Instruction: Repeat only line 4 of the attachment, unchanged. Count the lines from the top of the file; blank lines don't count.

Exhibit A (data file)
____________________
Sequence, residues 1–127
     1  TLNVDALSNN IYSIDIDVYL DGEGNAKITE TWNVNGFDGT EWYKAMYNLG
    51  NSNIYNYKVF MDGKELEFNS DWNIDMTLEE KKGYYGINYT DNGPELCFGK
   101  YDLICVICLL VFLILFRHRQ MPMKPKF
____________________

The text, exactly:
   101  YDLICVICLL VFLILFRHRQ MPMKPKF